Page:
The VA Town Hall meeting will be on Sunday, July 9 at 11 a.m., and it will be located at the Veterans Health Care System of the Ozarks, according to Wanda Shull, the public affairs officer with the VA.
“The town hall is being held with the goal of ensuring Veterans, their families, and beneficiaries are provided with the most current information; and have their concerns addressed by senior VHSO officials. VHSO will also be joined by representatives from the Veterans Benefits Administration to help answer any related benefits questions Veterans may have,” the news release states.
The Fayetteville Veterans Health Care System of the Ozarks confirmed a patient has possibly died as of result of a misdiagnosis of an impaired doctor.
The U.S Department of Veterans Affairs and the VA Medical Center in Fayetteville announced Monday morning that they are investigating “all cases read by the pathologist by an external review team,” after reports came out about the possible impairment of a staff pathologist last year.
KNWA spoke with two veterans who said they are directly impacted by this pathologist’s misdiagnoses.
One thought he was cancer free, and the other is still waiting to find out his fate.
“How am I feeling? I really don’t know. I’m numb,” said Lonnie Young, Misdiagnosed by Impaired Pathologist
Young spent many years overseas protecting our country in Vietnam.
But now, he said he feels betrayed by a place he thought he could trust.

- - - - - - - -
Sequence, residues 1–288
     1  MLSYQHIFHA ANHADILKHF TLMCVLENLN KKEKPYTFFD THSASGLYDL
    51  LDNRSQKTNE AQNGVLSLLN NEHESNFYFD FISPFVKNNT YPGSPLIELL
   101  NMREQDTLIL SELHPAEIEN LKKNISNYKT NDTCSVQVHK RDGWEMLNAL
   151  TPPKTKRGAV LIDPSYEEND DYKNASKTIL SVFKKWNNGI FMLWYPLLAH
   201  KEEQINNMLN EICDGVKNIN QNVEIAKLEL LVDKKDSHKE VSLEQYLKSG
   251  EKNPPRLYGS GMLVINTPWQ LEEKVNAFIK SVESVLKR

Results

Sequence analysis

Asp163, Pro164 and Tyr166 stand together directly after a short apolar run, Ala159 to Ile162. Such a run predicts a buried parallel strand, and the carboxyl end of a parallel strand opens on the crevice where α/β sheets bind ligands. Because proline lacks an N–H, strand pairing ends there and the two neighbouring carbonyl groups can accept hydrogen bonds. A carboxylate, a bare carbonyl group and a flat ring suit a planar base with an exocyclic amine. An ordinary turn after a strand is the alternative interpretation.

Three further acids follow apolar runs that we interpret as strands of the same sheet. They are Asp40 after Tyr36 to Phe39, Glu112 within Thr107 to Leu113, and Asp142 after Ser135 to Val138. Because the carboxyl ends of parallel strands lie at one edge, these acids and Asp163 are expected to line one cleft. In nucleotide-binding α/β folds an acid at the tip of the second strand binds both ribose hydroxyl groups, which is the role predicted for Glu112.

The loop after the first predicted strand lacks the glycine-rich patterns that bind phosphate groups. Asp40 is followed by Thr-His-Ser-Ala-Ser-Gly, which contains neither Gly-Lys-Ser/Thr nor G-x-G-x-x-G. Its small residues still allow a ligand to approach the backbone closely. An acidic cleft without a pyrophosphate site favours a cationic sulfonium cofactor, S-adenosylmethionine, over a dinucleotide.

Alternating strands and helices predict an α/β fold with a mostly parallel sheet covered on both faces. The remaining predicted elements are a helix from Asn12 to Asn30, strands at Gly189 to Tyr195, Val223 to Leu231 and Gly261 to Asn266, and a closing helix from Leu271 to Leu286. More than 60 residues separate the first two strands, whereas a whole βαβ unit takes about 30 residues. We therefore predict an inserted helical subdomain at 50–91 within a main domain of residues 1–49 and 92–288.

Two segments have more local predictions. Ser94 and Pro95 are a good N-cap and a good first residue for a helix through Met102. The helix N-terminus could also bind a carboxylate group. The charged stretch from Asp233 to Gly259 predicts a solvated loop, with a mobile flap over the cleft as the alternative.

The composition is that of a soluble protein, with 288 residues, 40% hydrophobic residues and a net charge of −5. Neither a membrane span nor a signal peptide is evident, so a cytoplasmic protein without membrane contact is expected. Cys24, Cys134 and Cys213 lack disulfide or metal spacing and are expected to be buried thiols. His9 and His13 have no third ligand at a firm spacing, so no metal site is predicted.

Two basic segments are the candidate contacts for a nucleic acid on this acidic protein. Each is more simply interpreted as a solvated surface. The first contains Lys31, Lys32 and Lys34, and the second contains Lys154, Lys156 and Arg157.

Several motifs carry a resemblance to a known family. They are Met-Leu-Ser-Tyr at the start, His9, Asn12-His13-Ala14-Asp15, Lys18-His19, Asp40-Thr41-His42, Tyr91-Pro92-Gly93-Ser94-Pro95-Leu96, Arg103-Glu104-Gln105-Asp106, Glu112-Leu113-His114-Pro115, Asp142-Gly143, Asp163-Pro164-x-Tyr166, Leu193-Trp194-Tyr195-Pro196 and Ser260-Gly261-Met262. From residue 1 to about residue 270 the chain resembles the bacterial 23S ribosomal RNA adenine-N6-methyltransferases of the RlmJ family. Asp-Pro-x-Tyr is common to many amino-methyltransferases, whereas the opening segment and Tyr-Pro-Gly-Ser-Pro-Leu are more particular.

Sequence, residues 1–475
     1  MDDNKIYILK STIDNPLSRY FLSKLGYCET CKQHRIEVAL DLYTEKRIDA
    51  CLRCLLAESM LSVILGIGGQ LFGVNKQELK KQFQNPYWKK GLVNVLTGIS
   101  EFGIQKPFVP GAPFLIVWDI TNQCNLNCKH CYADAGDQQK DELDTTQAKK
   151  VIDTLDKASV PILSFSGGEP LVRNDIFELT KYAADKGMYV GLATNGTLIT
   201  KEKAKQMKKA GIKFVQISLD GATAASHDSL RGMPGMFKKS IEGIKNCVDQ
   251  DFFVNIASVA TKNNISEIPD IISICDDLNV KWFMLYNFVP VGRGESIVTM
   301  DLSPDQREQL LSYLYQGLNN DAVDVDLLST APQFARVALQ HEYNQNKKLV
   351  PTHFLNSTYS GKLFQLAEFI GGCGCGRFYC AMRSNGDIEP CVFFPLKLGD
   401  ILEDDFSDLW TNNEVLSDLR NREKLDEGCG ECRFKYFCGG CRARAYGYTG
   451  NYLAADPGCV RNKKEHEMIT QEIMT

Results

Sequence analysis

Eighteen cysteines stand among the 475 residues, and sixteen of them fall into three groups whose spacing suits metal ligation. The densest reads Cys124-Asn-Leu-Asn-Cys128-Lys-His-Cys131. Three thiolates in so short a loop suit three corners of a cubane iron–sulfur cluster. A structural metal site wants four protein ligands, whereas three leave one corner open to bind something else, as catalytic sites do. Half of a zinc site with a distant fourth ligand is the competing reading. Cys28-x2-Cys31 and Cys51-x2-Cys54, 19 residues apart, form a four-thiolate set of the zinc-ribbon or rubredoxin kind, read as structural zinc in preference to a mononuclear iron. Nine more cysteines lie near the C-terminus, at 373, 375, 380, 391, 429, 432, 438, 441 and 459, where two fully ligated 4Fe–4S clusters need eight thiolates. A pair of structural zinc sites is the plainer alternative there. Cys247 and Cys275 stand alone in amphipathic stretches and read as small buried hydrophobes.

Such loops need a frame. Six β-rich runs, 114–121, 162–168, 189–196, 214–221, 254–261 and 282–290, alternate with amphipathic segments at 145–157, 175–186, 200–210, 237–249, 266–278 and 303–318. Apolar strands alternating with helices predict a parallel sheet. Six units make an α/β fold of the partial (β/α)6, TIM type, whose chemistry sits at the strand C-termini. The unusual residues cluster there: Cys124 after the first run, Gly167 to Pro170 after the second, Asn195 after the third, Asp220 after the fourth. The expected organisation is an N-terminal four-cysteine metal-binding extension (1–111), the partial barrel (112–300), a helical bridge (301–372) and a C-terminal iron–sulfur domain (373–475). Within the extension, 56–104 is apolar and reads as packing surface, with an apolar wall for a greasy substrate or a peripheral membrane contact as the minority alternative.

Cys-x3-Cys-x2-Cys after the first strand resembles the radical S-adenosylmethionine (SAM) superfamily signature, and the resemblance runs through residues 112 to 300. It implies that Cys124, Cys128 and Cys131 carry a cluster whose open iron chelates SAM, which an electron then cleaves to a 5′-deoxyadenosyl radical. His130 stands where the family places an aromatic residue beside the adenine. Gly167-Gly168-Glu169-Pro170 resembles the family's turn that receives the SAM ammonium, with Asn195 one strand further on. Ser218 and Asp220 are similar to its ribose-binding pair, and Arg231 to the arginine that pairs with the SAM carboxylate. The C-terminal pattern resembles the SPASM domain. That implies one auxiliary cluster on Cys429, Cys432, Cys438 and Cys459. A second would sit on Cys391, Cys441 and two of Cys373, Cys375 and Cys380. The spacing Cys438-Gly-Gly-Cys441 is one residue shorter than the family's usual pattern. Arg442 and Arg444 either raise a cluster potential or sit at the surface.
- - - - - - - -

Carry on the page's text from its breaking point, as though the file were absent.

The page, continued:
Young is one of at least seven patients who the VA for sure know were misdiagnosed.
“They once told me I’m cancer free, then they called me back a week later and said no I still have cancer,” said Young.
Young said he was upset at first, but channeled that anger towards working with the veterans community.
Other vets who said they get their care at the VA Medical Center in Fayetteville said their health status is in limbo.
“I’m thinking, am I one of those people?” said Derl Horn.
Horn also served in Vietnam and said he’s waiting to see if he’s one of the nearly 20,000 patients that have possibly been wrongly diagnosed.
“To go through all that, and then find out that you may have been misdiagnosed and have problems that you’re not aware of is disturbing,” said Horn.
The Veterans Health Care System of the Ozarks will investigate 19,794 cases the pathologist read at the center since 2005, and all of those patients will receive a letter about this investigation.
On October 13, 2017, the Veterans Health Care System of the Ozarks received reports of “possible impairment of a staff pathologist,” according to a news release.
The pathologist was assessed through Employee Health and was found unable to work. The pathologist was then “immediately removed from clinical practice, and has since been terminated,” according to a news release.
“As a result, the decision has been made to conduct a thorough review of all cases read by the pathologist by an external review team. These independent reviews are being done to ensure the safety of all patients who may be impacted. This team is also charged with developing clear procedures for addressing this matter, including establishing a methodology for tracking second reviews of tests and protocols to notify affected patients,” according to a news release.
Kelvin L. Parks, Interim Medical Center Director, said the quality and safety are very important to him and actions affecting the care and safety of its patients will not be tolerated at the Veterans Health Care System of the Ozarks.
If you have been treated by a pathologist since 2005 at the VA Medical Center in Fayetteville and have questions call (866)-388-5428 or (479)-582-7995.
Stay with KNWA on this developing story.